Ever since the American Psychological Association came out last fall and said what everyone knows — that men are the problem: our stoicism, the crazy aggressive behaviors, the compulsive competitiveness, the rescuer complex — I’ve been watching the women in white in Congress, the Sisters of Mercy out to save the Republic, and enjoying their leaders, Speaker Pelosi and AOC. They’re fearless, free-spirited and often very funny. When AOC addresses her opponents as “Dude,” you know that change is afoot. The old Congress of time-servers and bootlickers is starting to look more like the freewheeling country we love.

Read More

A few words from a top executive

Now that Executive Time has taken root at the top level of government, I am working more of it into my own busy schedule, leaving the Rectangular Office and holing up in the family quarters for what some might call daydreaming, but who cares what they think? They’re losers. Six hours a day of letting the mind wander freely, forgetting about my obligations, and simply roaming the Internet and picking up bits of information that my staff would probably never clue me in on.

Read More

Winter is winter, it’s not the tribulation

It irks me, the notion that winter is a dreadful tribulation. Weather forecasts delivered in funereal tones as if two or three inches of snow were an outbreak of typhus, a front-page story about a snowstorm “lashing” New England. A whip lashes; snow falls gently to earth. 

Read More

The old indoorsman looks out at winter

Bitter cold in Minneapolis last week with a high of nine below one day, which is colder than a witch’s body part, but we do have central heating in our building and I am no longer employed as a parking lot attendant as I was when I was 19, responsible for herding drivers into double straight lines as a bitter wind blew across the frozen tundra, and so, as we in Minnesota often say, “It could be worse.” Especially if you were married to a witch.  

Read More

Waiting for snow, hoping, praying

It has snowed a smidge in Minneapolis and I went to church Sunday to give thanks for it and ask for more. The TV weatherman talks about who might be “hit by” a snowstorm and who might “escape,” as if the flakes carry an infectious disease, but snow is light, it does not hit anybody so that you’d feel it, and true Minnesotans love a snowstorm, the hush of it, the sense of blessedness, as Degas loved the female form and Cezanne cared about apples. I thank God for all three, apples, women, and snow, and also for my good health.

Read More

News bulletin: offensive joke ahead

I have a small mind and I don’t mind admitting it. Friends of mine are concerned about the future of democracy in America and thank goodness for them, meanwhile I get a thrill out of sticking a fork into the toaster to retrieve the toasted bread, which I was warned against as a child. Mother saw me do it and imagined sparks flying and the sizzle of her middle child, like a murderer in the electric chair. And now I do it (very carefully) and I’m still here. This is me writing these words, not a ghostwriter.

Read More

Life is good, unless you get on the wrong train

In response to the government shutdown, I have stayed in bed, gone without bathing, turned off the phone. I am going to continue until Walmart sends me six fresh walleye and a set of white sidewalls autographed by Barbara Walters. I know what is needed and I can hold out for years if I have to.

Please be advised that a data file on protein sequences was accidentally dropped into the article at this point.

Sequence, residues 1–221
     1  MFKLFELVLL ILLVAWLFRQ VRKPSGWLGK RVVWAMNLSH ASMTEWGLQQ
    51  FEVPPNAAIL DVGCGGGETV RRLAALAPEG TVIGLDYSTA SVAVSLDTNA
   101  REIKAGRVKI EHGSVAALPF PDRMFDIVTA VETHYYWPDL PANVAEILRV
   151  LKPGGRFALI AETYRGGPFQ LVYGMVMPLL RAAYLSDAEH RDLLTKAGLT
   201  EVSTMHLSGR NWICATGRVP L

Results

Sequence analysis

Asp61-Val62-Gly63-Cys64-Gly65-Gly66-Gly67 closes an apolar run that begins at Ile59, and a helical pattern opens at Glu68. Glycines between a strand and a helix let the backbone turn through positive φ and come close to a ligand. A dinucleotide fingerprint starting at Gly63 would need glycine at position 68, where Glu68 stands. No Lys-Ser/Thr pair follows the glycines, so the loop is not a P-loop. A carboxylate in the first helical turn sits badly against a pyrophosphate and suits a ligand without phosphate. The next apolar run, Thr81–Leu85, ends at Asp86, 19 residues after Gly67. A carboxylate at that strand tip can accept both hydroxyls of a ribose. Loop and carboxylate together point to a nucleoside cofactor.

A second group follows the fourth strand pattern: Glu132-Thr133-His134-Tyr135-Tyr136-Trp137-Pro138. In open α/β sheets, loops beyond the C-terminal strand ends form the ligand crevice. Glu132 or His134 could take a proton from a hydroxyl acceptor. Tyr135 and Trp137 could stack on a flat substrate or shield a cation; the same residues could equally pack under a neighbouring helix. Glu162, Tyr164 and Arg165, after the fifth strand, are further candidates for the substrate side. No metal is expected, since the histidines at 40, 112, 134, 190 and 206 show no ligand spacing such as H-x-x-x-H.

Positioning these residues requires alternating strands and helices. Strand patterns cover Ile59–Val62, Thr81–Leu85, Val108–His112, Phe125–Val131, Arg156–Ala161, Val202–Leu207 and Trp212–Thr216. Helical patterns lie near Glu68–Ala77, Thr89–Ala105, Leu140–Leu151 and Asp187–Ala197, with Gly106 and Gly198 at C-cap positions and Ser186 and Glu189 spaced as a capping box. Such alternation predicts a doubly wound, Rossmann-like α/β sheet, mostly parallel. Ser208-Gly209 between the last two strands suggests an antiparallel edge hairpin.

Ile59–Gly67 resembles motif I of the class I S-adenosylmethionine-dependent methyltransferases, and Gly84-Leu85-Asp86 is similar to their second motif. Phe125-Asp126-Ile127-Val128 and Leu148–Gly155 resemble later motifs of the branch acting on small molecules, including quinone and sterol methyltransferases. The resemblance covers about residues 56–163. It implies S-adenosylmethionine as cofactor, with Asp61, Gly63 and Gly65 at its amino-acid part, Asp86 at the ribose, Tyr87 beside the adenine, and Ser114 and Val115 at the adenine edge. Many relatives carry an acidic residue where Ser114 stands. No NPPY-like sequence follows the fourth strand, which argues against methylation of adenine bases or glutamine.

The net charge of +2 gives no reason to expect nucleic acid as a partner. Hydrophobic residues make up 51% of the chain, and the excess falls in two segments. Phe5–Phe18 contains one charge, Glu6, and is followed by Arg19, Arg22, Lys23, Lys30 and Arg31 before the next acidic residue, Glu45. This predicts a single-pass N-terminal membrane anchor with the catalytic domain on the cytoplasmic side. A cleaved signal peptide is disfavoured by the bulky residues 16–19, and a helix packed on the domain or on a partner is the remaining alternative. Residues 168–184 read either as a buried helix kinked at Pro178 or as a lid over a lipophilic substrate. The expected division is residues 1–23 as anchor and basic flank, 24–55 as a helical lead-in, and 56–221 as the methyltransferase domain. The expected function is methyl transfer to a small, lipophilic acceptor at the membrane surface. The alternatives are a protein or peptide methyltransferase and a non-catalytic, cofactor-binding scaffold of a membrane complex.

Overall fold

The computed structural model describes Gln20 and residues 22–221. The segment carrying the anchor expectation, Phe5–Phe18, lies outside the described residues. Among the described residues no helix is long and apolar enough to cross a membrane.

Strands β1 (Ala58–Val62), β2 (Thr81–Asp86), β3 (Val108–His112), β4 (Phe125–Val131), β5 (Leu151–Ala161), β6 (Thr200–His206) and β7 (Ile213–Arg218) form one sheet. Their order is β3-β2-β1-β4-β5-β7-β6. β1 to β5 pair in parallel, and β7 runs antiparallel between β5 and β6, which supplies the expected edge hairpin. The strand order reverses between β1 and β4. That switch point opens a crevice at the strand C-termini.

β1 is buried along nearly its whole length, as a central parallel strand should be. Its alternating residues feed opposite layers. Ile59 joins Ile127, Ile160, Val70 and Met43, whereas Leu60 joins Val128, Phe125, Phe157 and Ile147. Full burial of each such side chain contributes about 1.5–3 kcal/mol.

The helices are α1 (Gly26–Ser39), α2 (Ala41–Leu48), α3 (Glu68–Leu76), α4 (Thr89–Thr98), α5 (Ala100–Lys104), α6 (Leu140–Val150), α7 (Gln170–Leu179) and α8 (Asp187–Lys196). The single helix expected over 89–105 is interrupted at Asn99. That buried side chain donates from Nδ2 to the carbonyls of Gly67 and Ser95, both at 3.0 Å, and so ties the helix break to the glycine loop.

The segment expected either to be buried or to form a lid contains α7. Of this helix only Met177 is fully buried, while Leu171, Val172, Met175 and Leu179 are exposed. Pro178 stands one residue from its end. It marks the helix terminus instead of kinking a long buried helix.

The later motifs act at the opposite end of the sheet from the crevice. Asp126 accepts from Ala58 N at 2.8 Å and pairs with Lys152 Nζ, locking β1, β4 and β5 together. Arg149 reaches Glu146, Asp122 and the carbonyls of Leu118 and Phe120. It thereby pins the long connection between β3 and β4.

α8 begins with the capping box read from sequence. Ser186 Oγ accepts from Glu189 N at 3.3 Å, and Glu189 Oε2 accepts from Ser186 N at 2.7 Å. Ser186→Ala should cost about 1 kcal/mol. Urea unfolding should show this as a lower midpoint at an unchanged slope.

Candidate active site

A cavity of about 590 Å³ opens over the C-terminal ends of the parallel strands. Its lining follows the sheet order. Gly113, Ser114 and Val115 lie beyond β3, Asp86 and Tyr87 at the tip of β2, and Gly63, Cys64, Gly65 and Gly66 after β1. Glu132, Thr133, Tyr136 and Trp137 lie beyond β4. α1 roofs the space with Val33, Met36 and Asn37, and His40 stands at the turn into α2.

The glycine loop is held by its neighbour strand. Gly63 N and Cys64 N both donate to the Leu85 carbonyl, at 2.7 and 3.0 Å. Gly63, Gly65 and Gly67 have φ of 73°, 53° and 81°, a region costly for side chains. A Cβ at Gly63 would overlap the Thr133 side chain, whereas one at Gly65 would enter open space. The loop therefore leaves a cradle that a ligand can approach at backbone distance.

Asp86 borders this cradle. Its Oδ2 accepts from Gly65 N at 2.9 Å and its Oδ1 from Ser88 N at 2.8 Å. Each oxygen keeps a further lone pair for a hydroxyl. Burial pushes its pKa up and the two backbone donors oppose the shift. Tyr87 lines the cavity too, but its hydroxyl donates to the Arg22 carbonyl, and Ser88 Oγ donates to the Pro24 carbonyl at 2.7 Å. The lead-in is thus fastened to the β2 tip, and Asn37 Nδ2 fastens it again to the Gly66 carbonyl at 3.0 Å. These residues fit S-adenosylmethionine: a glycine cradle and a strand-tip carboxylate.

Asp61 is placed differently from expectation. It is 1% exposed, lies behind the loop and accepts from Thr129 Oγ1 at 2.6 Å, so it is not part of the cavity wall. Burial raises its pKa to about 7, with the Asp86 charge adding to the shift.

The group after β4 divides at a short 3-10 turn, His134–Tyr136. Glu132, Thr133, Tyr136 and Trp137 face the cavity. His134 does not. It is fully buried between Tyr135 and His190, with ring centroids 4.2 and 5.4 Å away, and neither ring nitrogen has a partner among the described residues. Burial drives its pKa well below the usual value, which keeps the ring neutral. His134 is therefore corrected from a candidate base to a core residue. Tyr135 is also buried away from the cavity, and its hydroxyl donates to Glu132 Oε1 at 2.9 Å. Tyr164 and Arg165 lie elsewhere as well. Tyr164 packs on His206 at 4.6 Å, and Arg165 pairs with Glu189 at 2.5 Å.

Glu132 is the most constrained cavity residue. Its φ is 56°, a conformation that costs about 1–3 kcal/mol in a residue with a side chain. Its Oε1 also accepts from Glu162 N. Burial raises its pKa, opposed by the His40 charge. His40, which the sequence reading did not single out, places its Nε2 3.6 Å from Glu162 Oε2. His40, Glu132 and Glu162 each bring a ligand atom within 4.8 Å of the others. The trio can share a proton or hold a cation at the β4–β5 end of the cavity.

Meanwhile life is good. Of course tragedy is at the heart of great literature but life is not a novel and we’re here because our parents got excited and happy and if we put our minds to it, we can be happy too. Politics is a mess because liberals want a just world and it just isn’t going to happen, meanwhile conservatives want it to be 1958, but goodness never depended on politicians. Goodness is all around us.

Read More

Onward, my friends! Courage! Comedy!

My first resolution for 2019 is “Lighten up. When someone asks you how you are, say ‘Never better’ and say it with conviction, make it be true.” And my second resolution is: “Don’t bother fighting with ignorance. It doesn’t bother him, and you wind up with stupidity all over you.”

So I ignore the government shutdown and write about the one-ring circus I saw in New York last week, under a tent by the opera house. It was astounding. The beauty of backflips and the balancing act in which a spangly woman does a handstand one-handed on a man’s forehead. The perfect timing of clowns and the dancing of horses, a bare-chested man suspended on ropes high above the arena as a woman falls from his shoulders to catch his bare feet with her bare feet and hang suspended with no net below. A slight woman on the flying trapeze hurling herself into a triple forward flying somersault and into the hands of the catcher. I have loved circuses all my life. This was one of the best. A person can pass through the turnstile in a sour mood and the impossible perfection of feats of style brightens your whole week.

Read More

A Christmas letter from New York

It was, in my opinion, the best Christmas ever. Men are running the country whom you wouldn’t trust to heat up frozen dinners, a government shutdown meant that TSA people worked as volunteers (and also the DOJ employees investigating Individual-1’s dealings with the Russians), and on Wall Street the blue chips were selling like buffalo chips, and yet, in my aged memory, granted that the MRI map of my brain shows numerous multipolar contextually based synopses and a narrowing of the left strabismal isthmus, my little family had a beautiful and blessed week.

Read More

Why I left home and crossed over the river

It was an enormous heroic undertaking that if I told you the whole story, you’d be breathless with admiration, so I will just say this: my wife and I — mostly my wife but I was there, too — have moved from a three-story house in St. Paul to a two-bedroom apartment in Minneapolis. We did it, shed ourselves of truckloads of material goods, and now enjoy the gift to be simple and the gift to be free. Period. End of story.

We did it because it dawned on us that we were two people living in a few corners of a house for ten and that if we didn’t move, the county would send social workers who specialize in dementia issues.

Read More